The above story is based on materials provided by University of Georgia. The original article was written by Philip Lee Williams. Note: Materials may be edited for content and length.


Cite This Page:

University of Georgia. "How disease-causing parasite gets around human innate immunity." ScienceDaily. ScienceDaily, 13 September 2010. <www.sciencedaily.com/releases/2010/08/100830152538.htm>.
University of Georgia. (2010, September 13). How disease-causing parasite gets around human innate immunity. ScienceDaily. Retrieved September 18, 2014 from www.sciencedaily.com/releases/2010/08/100830152538.htm
University of Georgia. "How disease-causing parasite gets around human innate immunity." ScienceDaily. www.sciencedaily.com/releases/2010/08/100830152538.htm (accessed September 18, 2014).

Share This



More Plants & Animals News

Thursday, September 18, 2014

Featured Research

from universities, journals, and other organizations


Featured Videos

from AP, Reuters, AFP, and other news services

Chimp Violence Study Renews Debate On Why They Kill

Chimp Violence Study Renews Debate On Why They Kill

Newsy (Sep. 17, 2014) The study weighs in on a debate over whether chimps are naturally violent or become that way due to human interference in the environment. Video provided by Newsy
Powered by NewsLook.com
Some Tobacco Farmers Thrive Amid Challenges

Some Tobacco Farmers Thrive Amid Challenges

AP (Sep. 16, 2014) The South's tobacco country is surviving, and even thriving in some cases, as demand overseas keeps growers in the fields of one of America's oldest cash crops. (Sept. 16) Video provided by AP
Powered by NewsLook.com
Scientists Given Rare Glimpse of 350-Kilo Colossal Squid

Scientists Given Rare Glimpse of 350-Kilo Colossal Squid

AFP (Sep. 16, 2014) Scientists say a female colossal squid weighing an estimated 350 kilograms (770 lbs) and thought to be only the second intact specimen ever found was carrying eggs when discovered in the Antarctic. Duration: 00:47 Video provided by AFP
Powered by NewsLook.com
Raw: Scientists Examine Colossal Squid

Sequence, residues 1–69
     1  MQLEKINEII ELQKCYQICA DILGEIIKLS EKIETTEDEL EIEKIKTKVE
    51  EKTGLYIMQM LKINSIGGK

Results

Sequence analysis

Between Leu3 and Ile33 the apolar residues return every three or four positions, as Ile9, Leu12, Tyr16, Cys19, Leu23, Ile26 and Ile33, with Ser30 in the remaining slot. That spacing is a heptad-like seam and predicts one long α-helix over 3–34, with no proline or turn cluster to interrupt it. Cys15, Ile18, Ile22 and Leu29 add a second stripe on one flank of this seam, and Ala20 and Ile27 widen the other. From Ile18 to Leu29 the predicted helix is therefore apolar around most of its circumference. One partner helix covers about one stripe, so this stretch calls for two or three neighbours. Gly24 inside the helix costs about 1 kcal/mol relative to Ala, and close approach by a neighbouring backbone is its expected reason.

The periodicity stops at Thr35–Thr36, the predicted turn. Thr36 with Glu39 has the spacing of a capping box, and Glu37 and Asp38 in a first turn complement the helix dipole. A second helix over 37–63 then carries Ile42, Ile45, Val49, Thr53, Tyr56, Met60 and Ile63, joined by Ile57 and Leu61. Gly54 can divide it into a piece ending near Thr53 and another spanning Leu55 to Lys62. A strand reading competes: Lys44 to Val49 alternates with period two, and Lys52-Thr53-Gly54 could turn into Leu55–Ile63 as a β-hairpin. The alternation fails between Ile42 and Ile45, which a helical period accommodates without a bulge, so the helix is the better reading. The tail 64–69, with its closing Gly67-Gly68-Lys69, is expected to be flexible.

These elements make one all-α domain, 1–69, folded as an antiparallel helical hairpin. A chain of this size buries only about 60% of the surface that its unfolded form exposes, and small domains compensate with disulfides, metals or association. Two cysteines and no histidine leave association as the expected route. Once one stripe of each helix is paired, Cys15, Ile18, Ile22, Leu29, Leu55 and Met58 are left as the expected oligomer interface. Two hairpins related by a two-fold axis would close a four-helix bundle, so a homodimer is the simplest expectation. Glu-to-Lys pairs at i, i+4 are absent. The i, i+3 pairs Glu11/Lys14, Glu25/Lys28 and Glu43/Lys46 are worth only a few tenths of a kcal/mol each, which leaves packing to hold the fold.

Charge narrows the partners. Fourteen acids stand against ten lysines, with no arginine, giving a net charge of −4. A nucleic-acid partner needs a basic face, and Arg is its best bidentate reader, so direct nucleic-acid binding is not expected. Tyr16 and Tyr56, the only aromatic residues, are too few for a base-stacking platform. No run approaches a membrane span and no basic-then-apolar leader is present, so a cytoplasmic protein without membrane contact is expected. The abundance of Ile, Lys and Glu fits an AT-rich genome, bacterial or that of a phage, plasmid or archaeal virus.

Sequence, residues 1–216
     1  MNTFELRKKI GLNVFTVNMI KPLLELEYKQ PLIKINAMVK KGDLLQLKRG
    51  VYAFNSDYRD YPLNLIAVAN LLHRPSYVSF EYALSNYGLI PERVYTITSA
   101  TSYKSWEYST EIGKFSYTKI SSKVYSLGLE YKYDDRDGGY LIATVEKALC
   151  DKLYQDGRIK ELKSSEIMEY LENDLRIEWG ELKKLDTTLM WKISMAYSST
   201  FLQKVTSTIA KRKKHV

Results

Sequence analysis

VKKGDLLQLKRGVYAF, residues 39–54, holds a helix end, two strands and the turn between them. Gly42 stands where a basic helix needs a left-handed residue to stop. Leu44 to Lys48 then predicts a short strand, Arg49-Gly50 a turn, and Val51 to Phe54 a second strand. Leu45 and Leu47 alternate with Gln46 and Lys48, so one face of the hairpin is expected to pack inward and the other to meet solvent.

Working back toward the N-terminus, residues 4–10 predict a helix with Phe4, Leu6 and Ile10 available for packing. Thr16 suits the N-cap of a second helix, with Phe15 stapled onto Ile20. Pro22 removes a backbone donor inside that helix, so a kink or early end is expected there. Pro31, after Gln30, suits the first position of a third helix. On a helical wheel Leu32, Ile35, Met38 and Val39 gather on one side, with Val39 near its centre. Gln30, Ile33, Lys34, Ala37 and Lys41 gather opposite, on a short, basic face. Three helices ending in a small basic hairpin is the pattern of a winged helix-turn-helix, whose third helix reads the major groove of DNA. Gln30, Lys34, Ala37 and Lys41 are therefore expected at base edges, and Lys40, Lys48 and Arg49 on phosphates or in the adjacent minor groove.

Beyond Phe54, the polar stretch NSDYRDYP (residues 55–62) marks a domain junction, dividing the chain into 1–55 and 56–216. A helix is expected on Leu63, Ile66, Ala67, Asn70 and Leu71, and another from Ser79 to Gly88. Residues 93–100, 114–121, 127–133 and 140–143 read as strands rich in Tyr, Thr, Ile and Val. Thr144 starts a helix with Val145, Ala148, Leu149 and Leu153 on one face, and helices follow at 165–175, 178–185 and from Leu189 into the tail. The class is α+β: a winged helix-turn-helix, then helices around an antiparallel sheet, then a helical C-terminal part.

Raw: Scientists Examine Colossal Squid

AP (Sep. 16, 2014) Squid experts in New Zealand thawed and examined an unusual catch on Tuesday: a colossal squid. It was captured in Antarctica's remote Ross Sea in December last year and has been frozen for eight months. (Sept. 16) Video provided by AP
Powered by NewsLook.com

Search ScienceDaily

Number of stories in archives: 140,361

Find with keyword(s):
Enter a keyword or phrase to search ScienceDaily for related topics and research stories.

Save/Print:
Share:

Breaking News:
from the past week

In Other News

... from NewsDaily.com

Science News

Health News

Environment News

Technology News



Save/Print:
Share:

Free Subscriptions


Get the latest science news with ScienceDaily's free email newsletters, updated daily and weekly. Or view hourly updated newsfeeds in your RSS reader:

Get Social & Mobile


Keep up to date with the latest news from ScienceDaily via social networks and mobile apps:

Have Feedback?


Tell us what you think of ScienceDaily -- we welcome both positive and negative comments. Have any problems using the site? Questions?
Mobile: iPhone Android Web
Follow: Facebook Twitter Google+
Subscribe: RSS Feeds Email Newsletters
Latest Headlines Health & Medicine Mind & Brain Space & Time Matter & Energy Computers & Math Plants & Animals Earth & Climate Fossils & Ruins